Interviewing the cartoonist Jules Feiffer on the Diane Rhems show–a ghost writer for the Spirit and a famous political cartoonist, among other things–he uttered a sentiment that I recognized immediately–"Everything that I did that I found that I loved doing and had meaning, I stumbled into." 

Lord, ain’t that the truth!

I didn’t know I wanted to be an artist. I took an art class, at my mother’s urging, and fell desperately in love, despite everything.* I didn’t know I wanted to be a cartoonist. I definitely didn’t know I wanted to be a children’s book author. I got my agent on the flimsiest of chances, with no book, no nothing.

I have a vague feeling that I will be one of those people who, at age sixty, discover some great passion previously undreamt of, and I’ll end my days as an authority on javelina-keeping or whatever.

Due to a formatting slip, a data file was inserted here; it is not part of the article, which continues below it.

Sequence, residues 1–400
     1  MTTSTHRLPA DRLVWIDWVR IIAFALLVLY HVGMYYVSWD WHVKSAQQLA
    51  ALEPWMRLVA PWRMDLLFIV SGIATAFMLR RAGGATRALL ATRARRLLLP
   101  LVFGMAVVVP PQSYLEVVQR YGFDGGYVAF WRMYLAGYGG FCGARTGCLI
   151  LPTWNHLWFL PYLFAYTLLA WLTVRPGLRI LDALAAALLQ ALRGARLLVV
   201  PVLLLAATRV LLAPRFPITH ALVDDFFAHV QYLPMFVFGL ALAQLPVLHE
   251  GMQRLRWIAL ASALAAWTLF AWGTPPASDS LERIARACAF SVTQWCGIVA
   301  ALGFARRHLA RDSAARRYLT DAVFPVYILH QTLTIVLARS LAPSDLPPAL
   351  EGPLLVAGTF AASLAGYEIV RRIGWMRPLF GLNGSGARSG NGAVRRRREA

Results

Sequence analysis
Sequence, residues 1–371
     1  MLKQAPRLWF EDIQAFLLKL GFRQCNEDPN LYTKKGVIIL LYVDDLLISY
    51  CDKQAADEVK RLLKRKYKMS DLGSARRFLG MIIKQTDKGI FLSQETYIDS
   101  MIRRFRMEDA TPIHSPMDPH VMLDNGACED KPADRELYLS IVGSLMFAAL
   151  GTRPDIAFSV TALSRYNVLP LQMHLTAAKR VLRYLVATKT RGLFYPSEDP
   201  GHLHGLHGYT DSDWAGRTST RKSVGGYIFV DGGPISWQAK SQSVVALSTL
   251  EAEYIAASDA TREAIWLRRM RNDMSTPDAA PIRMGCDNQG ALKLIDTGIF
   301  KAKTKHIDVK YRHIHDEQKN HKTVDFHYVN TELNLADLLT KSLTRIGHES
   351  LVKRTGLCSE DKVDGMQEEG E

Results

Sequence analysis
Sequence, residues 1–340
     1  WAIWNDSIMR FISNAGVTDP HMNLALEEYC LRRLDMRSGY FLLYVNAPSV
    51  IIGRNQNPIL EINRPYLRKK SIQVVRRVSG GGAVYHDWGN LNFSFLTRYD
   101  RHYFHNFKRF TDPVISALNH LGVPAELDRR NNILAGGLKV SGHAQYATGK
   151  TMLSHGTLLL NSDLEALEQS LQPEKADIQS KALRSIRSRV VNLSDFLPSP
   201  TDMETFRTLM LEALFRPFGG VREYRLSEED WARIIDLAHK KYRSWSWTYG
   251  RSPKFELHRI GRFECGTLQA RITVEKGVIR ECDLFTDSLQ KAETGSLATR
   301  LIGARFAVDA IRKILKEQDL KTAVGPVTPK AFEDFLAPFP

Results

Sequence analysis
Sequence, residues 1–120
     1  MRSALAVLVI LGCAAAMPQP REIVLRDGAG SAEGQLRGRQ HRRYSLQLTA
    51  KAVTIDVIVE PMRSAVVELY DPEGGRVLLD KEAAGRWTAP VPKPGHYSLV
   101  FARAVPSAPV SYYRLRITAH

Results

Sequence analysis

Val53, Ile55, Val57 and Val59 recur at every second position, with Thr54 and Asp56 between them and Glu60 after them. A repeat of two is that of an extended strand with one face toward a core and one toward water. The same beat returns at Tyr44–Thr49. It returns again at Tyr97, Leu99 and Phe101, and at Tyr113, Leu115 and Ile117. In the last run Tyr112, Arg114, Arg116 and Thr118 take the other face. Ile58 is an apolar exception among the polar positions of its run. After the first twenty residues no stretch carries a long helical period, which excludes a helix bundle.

I have no real point to this post except to say that the only reason one should plan out one’s life is if one is looking for comic relief later.

*And I honestly think, had my drawing teacher been encouraging, I might not have continued. That she was contemptuous of my commercial ambitions and cliche subject matter while grudgingly appreciative of my talent made me work like a goddamn dog. Spite was always one of my great motivators. To this day, I wonder if she was a good enough teacher to recognize that, or if fate just threw together two grating personality types, and she was merely a good enough teacher to be grudgingly appreciative and reasonably good-humored about it.

She died some years ago–she was quite old, and had fought off cancer once already–and I regret that I never had an opportunity to send her one of my graphic novels, with a note somewhere between "HA!" and "Thank you." So, thank you, Gabrielle Ellertson. And, uh…HA!

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